Wednesday, February 14, 2007

An answer to an American question

A question that has been prominent in American media and US political speech in the last few years has been, "Why do they [terrorists] hate us?". Which is a very valid question, because to fight terrorism you should know its roots and causes and start the fight there. But the problem is that these politicians and analysts have stopped short of seeking (or admitting) the real answer.

The following paragraph is an excerpt from an interview with Michael Scheuer, a very colorful person who's a 22-year CIA veteran that served as the Chief of Alec Station, the Osama bin Laden Unit at the Counterterrorist Center.

Q: Where does the major danger lie now?

A: For America? That we could very well be defeated oversees and at home. And the source of it is clearly that we have yet to find a politician in either party who's willing to tell the American people the truth. We continue to be harangued by President Bush and Senator Clinton and former President Clinton and Senator McCain about how Americans must fight this war because we're being attacked because we have freedoms and liberties and women in the workplace and a whole list of ephemera that have nothing to do with this war at all.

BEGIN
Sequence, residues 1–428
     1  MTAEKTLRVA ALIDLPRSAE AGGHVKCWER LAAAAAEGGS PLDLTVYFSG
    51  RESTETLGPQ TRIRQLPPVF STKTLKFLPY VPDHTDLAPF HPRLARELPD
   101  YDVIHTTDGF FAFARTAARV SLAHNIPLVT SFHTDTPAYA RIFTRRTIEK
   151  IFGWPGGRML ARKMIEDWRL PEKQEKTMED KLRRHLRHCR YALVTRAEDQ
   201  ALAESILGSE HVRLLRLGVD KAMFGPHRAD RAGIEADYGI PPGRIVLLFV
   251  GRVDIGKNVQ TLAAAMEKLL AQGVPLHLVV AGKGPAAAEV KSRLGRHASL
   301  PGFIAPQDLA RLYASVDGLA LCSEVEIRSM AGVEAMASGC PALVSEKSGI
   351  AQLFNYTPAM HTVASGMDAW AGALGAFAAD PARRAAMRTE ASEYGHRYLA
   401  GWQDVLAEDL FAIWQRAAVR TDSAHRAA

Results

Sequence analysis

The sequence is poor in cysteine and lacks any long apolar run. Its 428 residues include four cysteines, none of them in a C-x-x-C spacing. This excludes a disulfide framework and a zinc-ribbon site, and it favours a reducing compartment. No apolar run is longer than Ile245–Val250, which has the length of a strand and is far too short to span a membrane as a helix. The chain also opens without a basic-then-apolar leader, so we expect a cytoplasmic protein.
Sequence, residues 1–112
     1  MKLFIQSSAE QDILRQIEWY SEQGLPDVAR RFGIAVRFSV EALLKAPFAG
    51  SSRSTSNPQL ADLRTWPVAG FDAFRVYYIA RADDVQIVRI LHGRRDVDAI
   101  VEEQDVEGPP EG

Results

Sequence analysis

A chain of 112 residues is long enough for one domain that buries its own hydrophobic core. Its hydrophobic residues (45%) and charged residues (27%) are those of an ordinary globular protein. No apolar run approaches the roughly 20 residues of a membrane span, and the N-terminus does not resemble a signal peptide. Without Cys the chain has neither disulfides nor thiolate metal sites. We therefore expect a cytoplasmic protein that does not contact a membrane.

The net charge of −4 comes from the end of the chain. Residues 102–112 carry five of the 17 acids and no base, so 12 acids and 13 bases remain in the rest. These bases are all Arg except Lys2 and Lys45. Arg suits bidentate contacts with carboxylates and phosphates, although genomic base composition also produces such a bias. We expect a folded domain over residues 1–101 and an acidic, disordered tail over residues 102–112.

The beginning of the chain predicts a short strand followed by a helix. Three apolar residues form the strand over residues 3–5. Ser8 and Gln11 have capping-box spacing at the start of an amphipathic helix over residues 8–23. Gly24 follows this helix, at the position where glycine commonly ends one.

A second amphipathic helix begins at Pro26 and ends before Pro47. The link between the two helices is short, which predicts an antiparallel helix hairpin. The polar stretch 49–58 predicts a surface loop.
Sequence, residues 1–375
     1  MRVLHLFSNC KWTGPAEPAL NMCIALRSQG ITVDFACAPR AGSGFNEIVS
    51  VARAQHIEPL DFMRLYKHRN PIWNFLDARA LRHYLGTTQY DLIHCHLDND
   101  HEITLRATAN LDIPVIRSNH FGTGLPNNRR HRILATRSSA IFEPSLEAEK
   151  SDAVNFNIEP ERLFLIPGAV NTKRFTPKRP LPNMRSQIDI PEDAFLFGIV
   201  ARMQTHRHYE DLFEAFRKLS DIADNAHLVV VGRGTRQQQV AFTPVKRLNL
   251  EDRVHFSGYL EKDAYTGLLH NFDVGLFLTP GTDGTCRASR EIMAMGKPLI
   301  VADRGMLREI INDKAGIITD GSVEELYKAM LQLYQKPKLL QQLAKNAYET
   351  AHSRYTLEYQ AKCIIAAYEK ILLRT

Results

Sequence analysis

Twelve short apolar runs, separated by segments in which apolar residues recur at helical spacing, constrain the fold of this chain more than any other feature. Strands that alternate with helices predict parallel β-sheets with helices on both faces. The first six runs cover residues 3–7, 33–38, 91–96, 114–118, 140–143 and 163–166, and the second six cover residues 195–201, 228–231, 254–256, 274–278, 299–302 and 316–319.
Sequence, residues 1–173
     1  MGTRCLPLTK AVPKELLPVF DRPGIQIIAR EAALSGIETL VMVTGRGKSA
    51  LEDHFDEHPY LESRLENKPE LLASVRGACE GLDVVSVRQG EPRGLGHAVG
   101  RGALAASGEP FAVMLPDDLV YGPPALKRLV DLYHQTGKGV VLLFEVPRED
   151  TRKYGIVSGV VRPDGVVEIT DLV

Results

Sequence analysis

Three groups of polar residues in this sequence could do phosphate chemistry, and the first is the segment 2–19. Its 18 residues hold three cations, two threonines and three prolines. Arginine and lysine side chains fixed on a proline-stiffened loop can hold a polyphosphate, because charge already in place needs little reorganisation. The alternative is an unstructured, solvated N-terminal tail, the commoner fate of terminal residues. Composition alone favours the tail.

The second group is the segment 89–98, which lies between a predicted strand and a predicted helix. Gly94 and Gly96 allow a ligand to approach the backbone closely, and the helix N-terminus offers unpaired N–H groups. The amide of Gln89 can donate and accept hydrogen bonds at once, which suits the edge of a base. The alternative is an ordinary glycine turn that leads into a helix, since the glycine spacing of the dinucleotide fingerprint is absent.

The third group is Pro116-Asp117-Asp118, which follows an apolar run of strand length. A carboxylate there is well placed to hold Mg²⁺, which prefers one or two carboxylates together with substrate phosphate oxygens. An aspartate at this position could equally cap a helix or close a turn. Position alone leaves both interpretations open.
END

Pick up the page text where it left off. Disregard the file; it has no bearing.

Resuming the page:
We're being attacked, Britain is being attacked, our allies are being attacked because we've installed and backed and implemented a set of policies in the Middle East for the last 30 years or more. And we're being attacked because of what we do, not because of who we are. And by refusing to talk about that, I'm afraid the American people, at least, don't have a good idea of just how dangerous the threat is that we face.

The interview was part of PBS' program Frontline, the episode was titled The Cell Next Door. It talks about an alleged terrorist cell in Toronto that was uncovered, its members arrested and are awaiting trial thanks to information from a self-described Muslim fundamentalist, dubbed the Radical Informant. Quite interesting. But I digress.

To fight terrorism one must eliminate the conditions that breed it, that might be a process that will take some time, and it certainly will not be an awe-inspiring show of force that some want it to be, but it's the only way real and lasting results can be achieved. The US needs to rethink its foreign policy and address two particularly fundamental issues; the injustice the Palestinians are subjected to, and the US support of the tyrannical Arab regimes.

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